Recession leading to US educational drain

A solid college education used to be the key to getting a great job in America and was a core component of the American dream. However, the times have changed.

With the recession, the number of highly educated unemployed individuals has skyrocketed. An education has become more of a financial burden than a stepping stone into the workforce.

As educated members of society site on thousands of dollars of student debt, unable to get jobs, many are questioning the relevance of education – when often you are not even able to get a job at McDonalds.

In addition, those soon to enter college education ages are finding it increasingly hard to pay for education. Many are not capable of taking on massive amounts of debt, especially as students raise tuition rates and college fees.

With the younger generations passing on education due to the costs, the country’s potential for global market completion shifts downward.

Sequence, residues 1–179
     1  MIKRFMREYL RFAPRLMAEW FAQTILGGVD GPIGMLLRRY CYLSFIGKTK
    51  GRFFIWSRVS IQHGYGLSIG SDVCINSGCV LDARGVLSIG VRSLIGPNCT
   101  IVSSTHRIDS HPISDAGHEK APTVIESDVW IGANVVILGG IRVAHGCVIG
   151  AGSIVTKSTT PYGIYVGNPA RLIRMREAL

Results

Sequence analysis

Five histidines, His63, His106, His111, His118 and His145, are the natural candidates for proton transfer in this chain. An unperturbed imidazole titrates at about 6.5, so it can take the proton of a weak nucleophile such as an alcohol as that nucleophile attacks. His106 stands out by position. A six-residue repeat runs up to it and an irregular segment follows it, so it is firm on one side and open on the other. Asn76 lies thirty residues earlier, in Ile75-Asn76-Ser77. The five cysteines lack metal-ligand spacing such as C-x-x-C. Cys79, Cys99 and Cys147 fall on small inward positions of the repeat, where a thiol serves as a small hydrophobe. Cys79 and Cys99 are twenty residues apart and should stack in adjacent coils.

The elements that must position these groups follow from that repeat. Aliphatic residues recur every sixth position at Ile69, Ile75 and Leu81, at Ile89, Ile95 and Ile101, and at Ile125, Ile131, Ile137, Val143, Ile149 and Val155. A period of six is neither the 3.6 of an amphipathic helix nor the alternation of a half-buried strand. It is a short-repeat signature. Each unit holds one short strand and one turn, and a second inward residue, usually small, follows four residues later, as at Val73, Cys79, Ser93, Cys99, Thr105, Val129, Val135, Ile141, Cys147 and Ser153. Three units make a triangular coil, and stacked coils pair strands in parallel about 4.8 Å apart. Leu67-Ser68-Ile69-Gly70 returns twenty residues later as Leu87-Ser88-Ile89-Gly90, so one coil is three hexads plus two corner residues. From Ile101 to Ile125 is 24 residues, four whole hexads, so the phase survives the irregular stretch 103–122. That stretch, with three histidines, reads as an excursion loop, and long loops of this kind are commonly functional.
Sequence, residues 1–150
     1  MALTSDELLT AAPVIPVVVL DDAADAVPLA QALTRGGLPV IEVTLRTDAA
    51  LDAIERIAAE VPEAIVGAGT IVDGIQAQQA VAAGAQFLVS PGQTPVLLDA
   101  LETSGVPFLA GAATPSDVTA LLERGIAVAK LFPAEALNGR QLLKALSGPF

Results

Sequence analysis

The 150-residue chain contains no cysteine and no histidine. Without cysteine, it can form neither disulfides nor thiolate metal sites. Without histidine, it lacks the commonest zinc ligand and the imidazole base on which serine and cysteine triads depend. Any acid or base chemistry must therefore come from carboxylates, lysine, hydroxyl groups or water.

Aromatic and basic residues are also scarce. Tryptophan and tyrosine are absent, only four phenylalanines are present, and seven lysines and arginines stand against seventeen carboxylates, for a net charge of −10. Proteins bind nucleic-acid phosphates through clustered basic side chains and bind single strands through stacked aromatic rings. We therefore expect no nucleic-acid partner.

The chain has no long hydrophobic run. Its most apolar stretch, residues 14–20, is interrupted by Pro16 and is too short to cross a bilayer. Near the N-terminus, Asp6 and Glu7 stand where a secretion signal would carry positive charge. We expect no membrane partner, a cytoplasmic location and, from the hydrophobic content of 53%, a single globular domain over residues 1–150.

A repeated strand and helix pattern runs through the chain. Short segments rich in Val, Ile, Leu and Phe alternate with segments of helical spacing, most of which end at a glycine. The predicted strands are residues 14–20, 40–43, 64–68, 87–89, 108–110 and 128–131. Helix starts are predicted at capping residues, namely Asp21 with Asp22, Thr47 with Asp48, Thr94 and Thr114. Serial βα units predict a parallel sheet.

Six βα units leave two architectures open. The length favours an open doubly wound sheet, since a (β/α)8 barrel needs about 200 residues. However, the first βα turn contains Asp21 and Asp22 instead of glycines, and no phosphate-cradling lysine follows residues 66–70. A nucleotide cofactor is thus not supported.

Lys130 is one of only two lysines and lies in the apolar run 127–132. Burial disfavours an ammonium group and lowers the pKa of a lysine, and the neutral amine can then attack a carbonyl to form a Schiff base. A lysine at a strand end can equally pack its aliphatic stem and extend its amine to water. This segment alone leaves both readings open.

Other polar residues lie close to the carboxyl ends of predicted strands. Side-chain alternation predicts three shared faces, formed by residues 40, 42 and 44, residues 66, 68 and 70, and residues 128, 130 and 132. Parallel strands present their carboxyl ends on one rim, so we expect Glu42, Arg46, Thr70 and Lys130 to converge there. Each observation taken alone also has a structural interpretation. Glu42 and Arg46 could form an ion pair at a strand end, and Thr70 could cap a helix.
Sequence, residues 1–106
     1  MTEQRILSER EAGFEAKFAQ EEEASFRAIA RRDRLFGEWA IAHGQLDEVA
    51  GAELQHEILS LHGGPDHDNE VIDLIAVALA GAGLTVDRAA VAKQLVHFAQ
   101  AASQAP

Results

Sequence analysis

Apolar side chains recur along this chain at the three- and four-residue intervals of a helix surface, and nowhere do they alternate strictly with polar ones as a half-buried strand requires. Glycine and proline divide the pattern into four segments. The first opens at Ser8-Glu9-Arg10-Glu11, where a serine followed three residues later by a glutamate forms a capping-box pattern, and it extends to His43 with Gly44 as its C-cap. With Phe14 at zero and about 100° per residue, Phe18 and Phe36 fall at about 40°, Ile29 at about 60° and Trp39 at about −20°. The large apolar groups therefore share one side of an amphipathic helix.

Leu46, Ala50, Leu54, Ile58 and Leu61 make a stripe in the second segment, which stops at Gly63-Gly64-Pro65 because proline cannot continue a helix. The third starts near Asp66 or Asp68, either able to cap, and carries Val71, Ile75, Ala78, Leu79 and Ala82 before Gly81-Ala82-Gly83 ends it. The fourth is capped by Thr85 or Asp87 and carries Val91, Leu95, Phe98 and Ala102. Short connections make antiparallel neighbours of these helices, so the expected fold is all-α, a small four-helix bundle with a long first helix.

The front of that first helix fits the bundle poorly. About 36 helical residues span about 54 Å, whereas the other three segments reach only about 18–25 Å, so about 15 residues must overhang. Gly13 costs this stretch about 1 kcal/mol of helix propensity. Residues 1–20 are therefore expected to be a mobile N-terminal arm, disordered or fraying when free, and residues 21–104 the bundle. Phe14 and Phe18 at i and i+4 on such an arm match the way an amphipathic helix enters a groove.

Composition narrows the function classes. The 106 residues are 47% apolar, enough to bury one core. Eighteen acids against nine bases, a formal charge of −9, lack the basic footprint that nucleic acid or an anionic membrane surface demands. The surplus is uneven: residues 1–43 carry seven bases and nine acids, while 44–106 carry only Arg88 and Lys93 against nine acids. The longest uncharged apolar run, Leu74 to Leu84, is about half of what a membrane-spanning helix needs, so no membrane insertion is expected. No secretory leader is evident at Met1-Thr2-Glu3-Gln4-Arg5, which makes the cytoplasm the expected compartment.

Meanwhile, students from China, India and elsewhere are flocking to America to secure college level educations, and then returning home to invest in business.

Blogger Michael Snyder from argued that college education in America is not what it used to be; in addition many students are priced out of attending most schools.

Today’s students who are graduating at this time of the year, two-thirds of them are coming out with student loan debt and the total of amount of student loan debt in the United States today is actually more than the total amount of credit card debt,” he said.

A lot of students are not able to get good jobs that pay well when they graduate. Many end up working hourly jobs waiting tables or working in similar roles. Others are left unemployed or bouncing from one remedial job to another.

Often students are pushed into college, told the cost is worth it. Often students assume their degree will get them a job, but in the end it is a gamble. Students assume their degree will get them a job that will pay enough so they can pay back loans – but that is not the case. Additionally, there are simply not enough jobs for all of the new graduates.

College is good for many career fields, but not all, argued Snyder. There are fields where one can excel without a degree or can earn a degree from a cheaper institution.